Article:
As usual, I’m trying to juggle everything, including my TV watching. I have too many shows on my DVR, so I’m always trying to watch stuff there. Then I get DVD’s to review, and I also have been trying to binge-watch a few shows that I really like, that I had fallen behind on. On my DVR recently I’m watching “Stargirl” on The CBlindspot's Rich, Patterson, Kurt and JaneW, which I like, as well As “The 100,” “In the Dark,” and “Burden of  Truth,” all on The CW. Also, I’ve been watching “Blindspot” on NBC and “Grantchester” on PBS. Lastly, I still watch “Full Frontal with Samantha Bee” on TBS; and “Real Time with Bill Maher” and “Last Week Tonight with John Oliver,” both on HBO.  Besides all that, I try to keep up on “Days of Our Lives.” It’s been nice not to have to watch the other soaps, but I am keeping the ones that are older ones. I save those to DVD.

Speaking of “Blindspot,” I’m still so mad that they killed off Edgar. I loved his relationship with Zapata.  He was the only black character left on the show! And now almost everyone left is white. How short-sighted of the showrunner, particularly in this day and age. What were they thinking??actors from Quiz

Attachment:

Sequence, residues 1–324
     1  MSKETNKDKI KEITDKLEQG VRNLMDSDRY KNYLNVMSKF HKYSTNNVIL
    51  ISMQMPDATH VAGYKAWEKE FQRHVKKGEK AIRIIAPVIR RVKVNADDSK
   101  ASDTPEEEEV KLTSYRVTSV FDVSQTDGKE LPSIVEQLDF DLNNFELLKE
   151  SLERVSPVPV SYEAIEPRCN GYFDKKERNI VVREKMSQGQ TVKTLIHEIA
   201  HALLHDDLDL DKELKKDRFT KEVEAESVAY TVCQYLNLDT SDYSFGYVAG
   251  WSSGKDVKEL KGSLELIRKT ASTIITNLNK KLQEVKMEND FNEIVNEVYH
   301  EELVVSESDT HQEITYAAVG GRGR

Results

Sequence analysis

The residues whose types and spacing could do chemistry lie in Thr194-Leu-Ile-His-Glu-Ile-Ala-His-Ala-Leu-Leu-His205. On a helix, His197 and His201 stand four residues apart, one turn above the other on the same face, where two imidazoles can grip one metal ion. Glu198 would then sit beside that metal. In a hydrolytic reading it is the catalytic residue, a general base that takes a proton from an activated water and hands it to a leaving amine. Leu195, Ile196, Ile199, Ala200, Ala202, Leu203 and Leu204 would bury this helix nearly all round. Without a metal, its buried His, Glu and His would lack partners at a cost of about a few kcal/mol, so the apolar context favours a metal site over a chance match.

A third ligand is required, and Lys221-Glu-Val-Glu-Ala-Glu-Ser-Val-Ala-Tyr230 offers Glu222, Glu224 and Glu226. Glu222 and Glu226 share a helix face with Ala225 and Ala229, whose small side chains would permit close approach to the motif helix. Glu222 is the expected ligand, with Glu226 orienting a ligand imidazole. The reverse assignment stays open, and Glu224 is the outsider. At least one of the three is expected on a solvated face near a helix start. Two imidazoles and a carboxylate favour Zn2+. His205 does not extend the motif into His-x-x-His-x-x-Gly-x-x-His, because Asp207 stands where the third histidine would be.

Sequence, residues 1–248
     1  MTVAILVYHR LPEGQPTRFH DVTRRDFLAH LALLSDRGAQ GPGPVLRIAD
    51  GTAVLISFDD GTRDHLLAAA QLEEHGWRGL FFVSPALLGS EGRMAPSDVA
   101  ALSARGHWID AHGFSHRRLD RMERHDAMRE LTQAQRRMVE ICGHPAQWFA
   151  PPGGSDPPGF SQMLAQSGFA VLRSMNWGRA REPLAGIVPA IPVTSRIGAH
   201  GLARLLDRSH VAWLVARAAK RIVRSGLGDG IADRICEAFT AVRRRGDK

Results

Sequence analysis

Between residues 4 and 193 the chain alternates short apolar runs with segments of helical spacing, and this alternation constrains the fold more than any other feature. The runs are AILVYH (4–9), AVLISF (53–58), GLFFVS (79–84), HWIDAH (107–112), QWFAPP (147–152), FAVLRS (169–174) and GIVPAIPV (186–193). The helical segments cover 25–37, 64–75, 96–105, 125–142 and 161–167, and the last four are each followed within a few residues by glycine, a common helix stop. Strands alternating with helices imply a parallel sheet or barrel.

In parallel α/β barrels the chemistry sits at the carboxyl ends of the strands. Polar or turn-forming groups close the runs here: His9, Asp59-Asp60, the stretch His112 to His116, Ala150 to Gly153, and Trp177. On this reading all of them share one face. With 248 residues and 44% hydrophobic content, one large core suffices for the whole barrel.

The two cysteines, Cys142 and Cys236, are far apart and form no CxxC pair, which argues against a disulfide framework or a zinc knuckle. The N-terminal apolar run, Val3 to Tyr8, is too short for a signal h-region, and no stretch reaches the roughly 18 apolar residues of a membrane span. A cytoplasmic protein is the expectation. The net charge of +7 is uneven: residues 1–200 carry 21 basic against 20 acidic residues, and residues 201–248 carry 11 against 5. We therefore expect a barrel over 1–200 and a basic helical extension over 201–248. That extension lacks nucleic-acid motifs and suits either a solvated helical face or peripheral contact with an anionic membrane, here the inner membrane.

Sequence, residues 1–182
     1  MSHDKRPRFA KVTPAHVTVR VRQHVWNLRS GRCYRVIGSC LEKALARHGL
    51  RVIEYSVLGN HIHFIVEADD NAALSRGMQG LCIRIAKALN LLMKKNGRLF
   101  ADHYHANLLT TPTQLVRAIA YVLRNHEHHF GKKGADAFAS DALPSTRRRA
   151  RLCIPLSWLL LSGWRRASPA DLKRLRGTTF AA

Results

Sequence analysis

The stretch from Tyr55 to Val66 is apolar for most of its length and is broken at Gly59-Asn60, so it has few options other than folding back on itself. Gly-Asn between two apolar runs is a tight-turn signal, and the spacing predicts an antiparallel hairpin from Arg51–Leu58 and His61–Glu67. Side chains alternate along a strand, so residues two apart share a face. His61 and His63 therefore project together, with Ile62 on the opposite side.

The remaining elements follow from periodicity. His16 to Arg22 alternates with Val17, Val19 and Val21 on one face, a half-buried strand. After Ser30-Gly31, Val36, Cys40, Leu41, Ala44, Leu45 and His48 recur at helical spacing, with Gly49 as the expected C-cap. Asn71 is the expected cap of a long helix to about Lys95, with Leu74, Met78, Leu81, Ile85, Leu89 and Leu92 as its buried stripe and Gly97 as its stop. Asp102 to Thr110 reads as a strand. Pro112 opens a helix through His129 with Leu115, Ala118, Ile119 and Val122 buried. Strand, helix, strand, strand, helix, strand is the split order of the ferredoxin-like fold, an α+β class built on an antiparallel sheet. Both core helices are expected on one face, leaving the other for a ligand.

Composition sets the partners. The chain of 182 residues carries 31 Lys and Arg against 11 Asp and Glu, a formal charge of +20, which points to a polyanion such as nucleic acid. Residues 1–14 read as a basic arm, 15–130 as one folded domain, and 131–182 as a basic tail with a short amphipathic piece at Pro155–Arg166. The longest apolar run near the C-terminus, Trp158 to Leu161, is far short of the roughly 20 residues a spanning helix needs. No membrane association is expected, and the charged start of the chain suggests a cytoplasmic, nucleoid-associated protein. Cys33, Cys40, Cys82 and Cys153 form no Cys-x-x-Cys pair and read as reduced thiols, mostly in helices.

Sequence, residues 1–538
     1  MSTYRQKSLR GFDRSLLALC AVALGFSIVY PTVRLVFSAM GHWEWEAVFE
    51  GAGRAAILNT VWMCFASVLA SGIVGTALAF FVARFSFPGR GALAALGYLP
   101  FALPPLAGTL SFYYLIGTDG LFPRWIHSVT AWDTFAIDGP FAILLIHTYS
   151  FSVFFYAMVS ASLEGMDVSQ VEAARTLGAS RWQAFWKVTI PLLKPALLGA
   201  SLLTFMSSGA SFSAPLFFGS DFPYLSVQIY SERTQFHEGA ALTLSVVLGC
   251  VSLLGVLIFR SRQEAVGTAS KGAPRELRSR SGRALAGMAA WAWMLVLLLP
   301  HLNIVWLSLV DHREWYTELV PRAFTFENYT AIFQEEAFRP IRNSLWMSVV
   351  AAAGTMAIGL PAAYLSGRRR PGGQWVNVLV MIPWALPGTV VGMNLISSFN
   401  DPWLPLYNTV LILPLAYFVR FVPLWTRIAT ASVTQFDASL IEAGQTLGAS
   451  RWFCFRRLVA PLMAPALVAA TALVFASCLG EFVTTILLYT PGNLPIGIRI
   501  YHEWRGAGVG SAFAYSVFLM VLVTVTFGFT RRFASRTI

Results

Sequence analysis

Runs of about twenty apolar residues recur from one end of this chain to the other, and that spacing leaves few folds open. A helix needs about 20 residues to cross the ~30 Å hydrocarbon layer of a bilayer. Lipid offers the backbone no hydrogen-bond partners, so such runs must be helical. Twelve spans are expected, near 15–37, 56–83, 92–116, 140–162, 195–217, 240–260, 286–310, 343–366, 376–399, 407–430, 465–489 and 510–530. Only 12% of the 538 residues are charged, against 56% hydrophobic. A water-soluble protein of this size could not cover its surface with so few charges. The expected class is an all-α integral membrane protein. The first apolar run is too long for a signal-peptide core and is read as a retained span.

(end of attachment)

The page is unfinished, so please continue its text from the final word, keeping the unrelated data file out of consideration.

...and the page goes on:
In my binge-watching, after catching up with all the other CW superhero shows, I watched the rest of “Star Trek: Discovery,” “Picard” and “The Mandalorian.”  I also watched a great miniseries from AMC called “Quiz.” It’s only three parts and worth watching (based on a real story).  I tried to watch “Homecoming” on Amazon (starring Julia Roberts) yesterday because everyone said it was so good.  It was very boring, so I don’t think I’ll keep watching. It was an interesting drama but just way too slow.

What did you think of the Daytime Emmys? What are you watching now? Let us know in the comments!

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Bryton James and Tamara Braun

20 Questions with David Gerrold

Interview with Author David Gerrold of “Star Trek” and many other shows 6/20/20

David Gerrold


David Gerrold is a renowned author, screenwriter, producer and more.  He first grew to fame writing “The Trouble with Tribbles” for the original “Star Trek” series. He also wrote other episodes and wrote some books about the show, including “The World of Star Trek.” He has published many scifi short stories and novels, as well as co-created “Land of the Lost,” and wrote for “Babylon 5” and quite a few other series. He’s been my Facebook friend for many years.  He is very Starcon 77 Programthoughtful, eloquent and passionate when writing about anything, including politics and news.  I’m very grateful that he allowed me to send him some questions!Suzanne as Princess Leia, holding tribbles